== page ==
Welcome To AI Immortal




Cure For Aging - Let Us Collaborate

Using AI to Assist in Attaining Immortality


Let’s first take a look at mythology and legends of the known past.


With all the advancements already made in AI and machine learning, could it be possible that these technologies will finally allow us to outrun old man time and live forever? Let us explore the possibilities. 

Why do we Age? 

Kings, emperors, explorers, and many other people have spent their lives in search of the mythical fountain of youth. Even though nothing like this exists in nature, AI and machine learning can offer us the key to biological immortality. When the technology matures to the necessary levels, we are all going to have our gene sequenced. We will have billions of genomes of elderly people and billions of genomes of young people. All this data will be inserted into an AI machine that can perform pattern recognition to look for the age genes. The proverbial fountain of youth will be found by artificial intelligence. It will identify where the age genes are located. 

To train such a machine to identify all the genes in every person will require an extraordinary amount of data. A lot of highly detailed and accurate data annotation will have to be performed to tell the system what it needs to identify, and it will have to be done by highly skilled medical professionals. Still, even if we add up the costs of development and subsequent data annotation, the money will be worth it if breakthroughs can be made in this field. 

Now, let us explore what aging is. Aging is the buildup of genetic errors. This means that cells become slower, sluggish and they die. Therefore, we grow old and eventually die. In the future we will be able to fix those mistakes with crisper type technology and perhaps live forever. For example, where does aging take place in a car? It takes place in the engine since there are a lot of moving parts and that’s where you have combustion. Now we need to find the area of our cells that have combustion, and we know that this is the mitochondria. Therefore, if we cure all the mistakes that build up in the mitochondria, we could end up living forever.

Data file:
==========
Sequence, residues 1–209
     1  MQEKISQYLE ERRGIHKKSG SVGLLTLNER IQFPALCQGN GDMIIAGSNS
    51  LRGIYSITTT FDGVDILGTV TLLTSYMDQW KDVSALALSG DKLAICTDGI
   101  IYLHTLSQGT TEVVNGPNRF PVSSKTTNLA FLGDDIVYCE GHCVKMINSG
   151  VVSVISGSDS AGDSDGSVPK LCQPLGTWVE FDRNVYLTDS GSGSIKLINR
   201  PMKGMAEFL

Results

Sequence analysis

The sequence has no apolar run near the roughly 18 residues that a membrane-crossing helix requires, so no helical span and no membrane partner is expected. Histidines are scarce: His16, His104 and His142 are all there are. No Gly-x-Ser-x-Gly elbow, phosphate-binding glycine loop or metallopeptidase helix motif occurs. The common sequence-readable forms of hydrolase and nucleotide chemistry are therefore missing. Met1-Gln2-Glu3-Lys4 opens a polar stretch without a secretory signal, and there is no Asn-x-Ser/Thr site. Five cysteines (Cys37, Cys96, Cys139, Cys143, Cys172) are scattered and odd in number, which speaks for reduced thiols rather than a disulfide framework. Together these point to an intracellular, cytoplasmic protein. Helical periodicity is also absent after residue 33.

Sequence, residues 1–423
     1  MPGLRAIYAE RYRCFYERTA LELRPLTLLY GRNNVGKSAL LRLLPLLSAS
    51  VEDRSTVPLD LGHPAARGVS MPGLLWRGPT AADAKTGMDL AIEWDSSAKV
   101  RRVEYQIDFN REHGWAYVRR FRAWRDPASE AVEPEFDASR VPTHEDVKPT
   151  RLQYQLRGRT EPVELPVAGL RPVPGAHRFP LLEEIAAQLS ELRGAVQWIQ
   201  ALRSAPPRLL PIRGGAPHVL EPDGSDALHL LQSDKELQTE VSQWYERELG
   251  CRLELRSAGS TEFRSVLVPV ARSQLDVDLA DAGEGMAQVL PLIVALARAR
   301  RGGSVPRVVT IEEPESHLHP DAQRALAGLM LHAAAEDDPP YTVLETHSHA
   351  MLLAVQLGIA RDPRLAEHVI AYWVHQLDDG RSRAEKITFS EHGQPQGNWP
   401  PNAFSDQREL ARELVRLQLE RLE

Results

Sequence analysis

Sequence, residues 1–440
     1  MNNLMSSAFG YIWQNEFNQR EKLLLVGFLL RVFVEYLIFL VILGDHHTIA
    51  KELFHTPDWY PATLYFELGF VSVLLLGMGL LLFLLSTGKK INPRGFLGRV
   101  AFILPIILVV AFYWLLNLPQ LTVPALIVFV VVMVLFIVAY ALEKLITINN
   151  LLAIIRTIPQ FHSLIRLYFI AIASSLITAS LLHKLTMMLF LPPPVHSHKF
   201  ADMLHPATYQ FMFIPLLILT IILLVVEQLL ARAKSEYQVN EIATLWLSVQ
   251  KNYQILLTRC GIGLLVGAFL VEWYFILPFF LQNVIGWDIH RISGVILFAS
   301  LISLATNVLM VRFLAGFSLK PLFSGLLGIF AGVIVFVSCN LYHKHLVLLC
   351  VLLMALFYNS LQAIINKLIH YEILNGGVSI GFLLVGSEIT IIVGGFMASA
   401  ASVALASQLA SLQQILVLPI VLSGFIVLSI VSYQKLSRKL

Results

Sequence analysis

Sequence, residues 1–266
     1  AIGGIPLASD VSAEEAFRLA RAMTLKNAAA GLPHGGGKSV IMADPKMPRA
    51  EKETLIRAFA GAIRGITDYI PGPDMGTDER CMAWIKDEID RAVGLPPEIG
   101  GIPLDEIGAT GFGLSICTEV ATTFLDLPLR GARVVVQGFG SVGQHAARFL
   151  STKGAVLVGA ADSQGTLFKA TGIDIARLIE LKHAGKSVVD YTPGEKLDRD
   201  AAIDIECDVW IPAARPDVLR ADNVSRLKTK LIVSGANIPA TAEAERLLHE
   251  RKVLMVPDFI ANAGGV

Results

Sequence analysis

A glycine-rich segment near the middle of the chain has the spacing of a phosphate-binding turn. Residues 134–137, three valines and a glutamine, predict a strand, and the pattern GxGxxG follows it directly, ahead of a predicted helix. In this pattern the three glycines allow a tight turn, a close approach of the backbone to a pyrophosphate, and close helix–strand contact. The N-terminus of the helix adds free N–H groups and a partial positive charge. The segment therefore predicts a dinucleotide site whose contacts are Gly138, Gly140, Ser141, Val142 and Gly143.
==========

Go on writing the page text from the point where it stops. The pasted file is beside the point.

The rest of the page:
Attaining Digital Immortality 


In addition to biological immortality, we could also attain digital immortality. Right now, all the developments in robotics are only enhancing our everyday lives. However, as AI advances and the robots become smarter, they will ultimately reach a point where they become better than humans at performing certain tasks, at the Fast Company European Innovation Festival at the Gucci Hub in Milan, Yuval Noah Harari, historian at the Hebrew University in Jerusalem, presented a post-human world where humans and robots merge to become one. In the future, we will be able to digitize our personalities, our feelings, memories, sensations, etc. and create a digital copy of ourselves. In fact, this is already going on with the Human Connectome Project whose goal is to map the entire connections of the human brain. 

One of the reasons this is all possible is because we leave such a large digital trail of ourselves. For example, our ancestors had only a few information recorded about them such as their date and place of birth, date of marriage and the date of death. This was their entire digital existence. We leave a much larger digital trace since we upload so much information to social media. All this data can be used to create a digital facsimile of ourselves and allow us to live forever in digital form.

Research and Projects

Funding and Collabortion is the key

De Grey argues that most of the fundamental knowledge needed to develop effective anti-aging medicine already exists, and that the science is ahead of the funding. He works to identify and promote specific technological approaches to the reversal of various aspects of aging, or, as de Grey puts it, “… the set of accumulated side effects from metabolism that eventually kills us

The mTOR pathway integrates a diverse set of environmental cues, such as growth factor signals and nutritional status, to direct eukaryotic cell growth. Over the past two and a half decades, mapping of the mTOR signaling landscape has revealed that mTOR controls biomass accumulation and metabolism by modulating key cellular processes, including protein synthesis and autophagy. Given the pathway’s central role in maintaining cellular and physiological homeostasis, dysregulation of mTOR signaling has been implicated in metabolic disorders, neurodegeneration, cancer, and ageing. In this Review, we highlight recent advances in our understanding of the complex regulation of the mTOR pathway and discuss its function in the context of physiology, human disease, and pharmacological intervention.

He was the founding director of USC’s NIH-funded Alzheimer Disease Research Center in 1984. In 1989, the university made him one of its twelve “University Distinguished Professors”. He is a full professor in gerontology and biological sciences and an adjunct professor in departments of anthropologypsychologyphysiology, and neurology. He was the chair of the National Research Council Committee on Biodemography of Aging. He is co-author of 520 scientific papers and six books, including The Biology of Human Longevity (Academic Press, 2007) and “The Role of Global Air Pollution in Aging and Disease” (Academic Press, 2017). He serves on the Scientific Advisory Board for the Cure Alzheimer’s Fund.